Family Ties At The Blind Pig
This past Friday, March 8th, I stopped into The Blind Pig to catch sets by Blasfame and Loto, Hi-Potent-C, Nickie P., Tru Klassick and Duke Newcomb. The show was hosted by Clavius Crates and DJ'ing for the night was provided by DJ Cataclysmic, both representing The Branch Out Collective.
First to perform was Blasfame (pronounced Blasphemy), with support provided by Loto.
Blasfame, also known as Kevin Sherman, and Loto, known as Chavonna Bigham, are both solo acts but collaborate frequently with each other. "We live our lives, we stay real, we talk about it and we make it sound good," said Bigham when I asked for a description of their artistic style.
The two of them are influenced by artists ranging from Lauryn Hill and Sade to Lupe Fiasco and Kendrick Lamar. Both are rappers as well as singers.
"I've been rapping since I was 13," said Sherman. "And then the singing, I just fell into." Bigham added, "I've been singing since I can remember .I have seven brothers and they all freestyle, they wouldn't let me out of the car until I freestyled."
Bigham has a project due for release on May 17th called Disorderly Conduct.
The next act to perform was Hi-Potent-C.
Born Corderill Mayberry, he was born and raised in Ann Arbor. "[I've] lived in quite a few different cities but I always end up in the 734 somehow," said Mayberry.
When I asked him how he describes his music, he responded by saying, "I refer to it as logical quality music, or food for thought I just feel like a lot of hip hop/rap these days promotes garbage It's all negativity that is counterproductive to a good lifestyle. Even though I may be guilty of committing some of these actions from time to time, I try not to promote it in my music."
Mayberry is heavily influenced by Eminem, as well as Notorious B.I.G., Tupac Shakur, Big L, Kendrick Lamar and Mos Def.
"I say an overall theme that comes out in my bars would be to make the most out of life, not in the cliche manner, but more like, you never know when your time's up," said Mayberry. "You also never know what kind mark you're going to leave, so you should do your best to leave a good one if that's what you value."
If you would like to find Hi-Potent-C's music, you can find it online at: soundcloud.com/hi-potent-c
The following act was Nickie P.
Nickie P., or Nicole Price, is a hip hop artist based out of Ann Arbor.
"When I first started, I always came out as a backpack rapper but I sing also," said Price. "I identify as I. that's really the best way I can say it Whatever sounds good to me at the time is what ends up coming out and I can't really put that on anyone else's shoulders but my own."
Price's influences range from Aretha Franklin ("One of my all time, drop dead favorite artists ever, ever, ever," said Price), to Marvin Gaye, Brother Ali, The Romantics, Scott Morgan as well as "my brothers who were in the hip hop group the 7Chakraz."
Price has been making hip hop for about a decade, although she's been involved with music from a very young age, starting with Italian opera. "Hip hop really struck me when I was about 13 and I really started doing it when I was 14," said Price.
She was about 17 or 18 when she first started writing, recording and performing as a hip hop artist. "That's when I really started making music that meant that much to me," said Price. "I can't quit. It means too much to me. I'm gonna keep doing it just out of sheer enjoyment."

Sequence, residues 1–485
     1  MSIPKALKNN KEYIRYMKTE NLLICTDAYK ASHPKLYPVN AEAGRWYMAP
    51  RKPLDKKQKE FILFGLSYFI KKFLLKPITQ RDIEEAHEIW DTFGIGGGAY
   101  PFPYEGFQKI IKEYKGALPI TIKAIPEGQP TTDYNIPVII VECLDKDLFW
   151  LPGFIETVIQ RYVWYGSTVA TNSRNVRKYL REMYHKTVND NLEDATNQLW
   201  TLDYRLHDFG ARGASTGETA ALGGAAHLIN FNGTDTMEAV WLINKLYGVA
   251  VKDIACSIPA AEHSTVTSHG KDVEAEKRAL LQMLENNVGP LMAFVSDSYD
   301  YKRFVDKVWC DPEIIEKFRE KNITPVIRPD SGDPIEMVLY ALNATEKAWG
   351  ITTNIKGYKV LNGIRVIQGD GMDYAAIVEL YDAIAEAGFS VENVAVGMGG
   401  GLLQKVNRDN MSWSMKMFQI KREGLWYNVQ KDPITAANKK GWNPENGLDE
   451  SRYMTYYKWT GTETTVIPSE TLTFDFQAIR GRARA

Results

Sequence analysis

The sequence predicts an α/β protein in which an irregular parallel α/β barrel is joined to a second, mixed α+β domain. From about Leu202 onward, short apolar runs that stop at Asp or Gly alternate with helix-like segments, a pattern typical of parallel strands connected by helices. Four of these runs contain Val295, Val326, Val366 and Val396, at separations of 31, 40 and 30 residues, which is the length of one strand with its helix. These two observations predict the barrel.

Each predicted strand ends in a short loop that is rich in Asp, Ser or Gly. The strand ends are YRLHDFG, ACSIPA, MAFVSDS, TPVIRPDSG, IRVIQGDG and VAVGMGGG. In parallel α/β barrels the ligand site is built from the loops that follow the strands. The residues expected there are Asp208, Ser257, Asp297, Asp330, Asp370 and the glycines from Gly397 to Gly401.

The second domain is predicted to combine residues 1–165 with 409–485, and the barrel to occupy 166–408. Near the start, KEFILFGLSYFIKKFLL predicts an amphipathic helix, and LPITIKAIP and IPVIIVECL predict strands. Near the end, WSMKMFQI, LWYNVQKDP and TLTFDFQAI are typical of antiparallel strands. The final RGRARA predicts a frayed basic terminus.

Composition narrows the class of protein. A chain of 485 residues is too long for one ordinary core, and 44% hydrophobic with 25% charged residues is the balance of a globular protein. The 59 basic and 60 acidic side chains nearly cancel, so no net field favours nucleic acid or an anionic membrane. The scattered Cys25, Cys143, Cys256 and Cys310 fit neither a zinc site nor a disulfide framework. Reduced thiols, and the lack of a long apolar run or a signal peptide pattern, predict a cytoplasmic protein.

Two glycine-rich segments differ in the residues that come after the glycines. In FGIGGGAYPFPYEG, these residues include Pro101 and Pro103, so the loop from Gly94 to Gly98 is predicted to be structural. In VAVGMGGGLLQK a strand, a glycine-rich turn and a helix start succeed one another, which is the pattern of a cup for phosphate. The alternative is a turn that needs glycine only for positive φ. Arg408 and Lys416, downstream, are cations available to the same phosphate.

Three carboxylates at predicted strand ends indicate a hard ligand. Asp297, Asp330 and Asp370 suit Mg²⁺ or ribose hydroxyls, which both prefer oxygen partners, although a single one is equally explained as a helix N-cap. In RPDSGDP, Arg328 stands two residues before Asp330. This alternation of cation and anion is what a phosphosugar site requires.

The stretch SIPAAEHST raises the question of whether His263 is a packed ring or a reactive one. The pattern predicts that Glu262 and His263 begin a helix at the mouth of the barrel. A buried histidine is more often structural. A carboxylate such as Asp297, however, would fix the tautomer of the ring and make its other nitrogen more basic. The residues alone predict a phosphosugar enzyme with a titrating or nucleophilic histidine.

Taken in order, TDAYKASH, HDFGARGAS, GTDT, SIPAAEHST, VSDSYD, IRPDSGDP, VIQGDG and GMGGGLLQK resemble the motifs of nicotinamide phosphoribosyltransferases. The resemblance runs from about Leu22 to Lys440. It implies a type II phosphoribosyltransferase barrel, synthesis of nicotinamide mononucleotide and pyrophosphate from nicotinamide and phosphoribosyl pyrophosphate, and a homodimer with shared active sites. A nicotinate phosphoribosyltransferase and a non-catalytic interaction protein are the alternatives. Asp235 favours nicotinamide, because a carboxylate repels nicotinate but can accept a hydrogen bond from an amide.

If you would like to find out more about Nickie P., you can find her online at Nickiep.com
The next performer was Tru Klassick, born Taylor Michael and raised in Ann Arbor.
His style is heavily influenced by old school hip hop, utilizing a technical focus to build his music. "I try to make it like, a breath of freshness. When you hear me, you'll be like 'yo, I haven't heard something like this in a long time.' That's what I'm aiming for," said Michael.
His influences range from Earth, Wind & Fire to Bone Thugs & Harmony.
Michael's goal is to create "timeless songs, stuff that can go with the times and try and make people get outside their comfort zone and question what they're told and not just accept what they're told."
He continued by saying, "Look out for more. Expect more. Set high standards. Not even about me, just in life. Set high standards for yourself. What you listen to, to your food, to the people who you hang out with. Expect more for yourself."
Michael released The What's Real Mixtape on December 23rd, 2012 and expects to have a music video released within the next few weeks.
If you would like to hear his music, you can find it online at: https://soundcloud.com/truklassick
The final act of the night was Duke Newcomb.
Duke Newcomb was born Harlin Newcomb and raised here in Ann Arbor.
"What I am, what I hope to be, is an inspiration for people who fell off or thought it was over or never thought they could manifest any dreams," said Newcomb.
He has been rapping for approximately 14 years and is heavily inspired by artists like KRS-One and Chuck D.
"At it's pure form, hip hop is the voice of someone who's not supposed to be heard," said Newcomb. "Music is really the voice that can't stop. No matter what, people are going to express creatively. Visual arts, dance, they're going to express what's in their souls, despite heavy oppression."
Newcomb utilizes multi-syllable rhyming patterns and an extensive vocabulary to construct his verses.
His debut project, Ground Zero, is due to be released in the near future.
He concluded by saying, "There is a movement in Ann Arbor right now, and we're always looking to outside sources, but it's right here and kids are laying it down, kids are putting their hearts on the line. We do these shows, and I see people in the crowd and they don't even know how to react, but they know something special is going on."
If you would like to hear Duke Newcomb's music, you can find him online at: https://soundcloud.com/duke-newcomb
Until next time,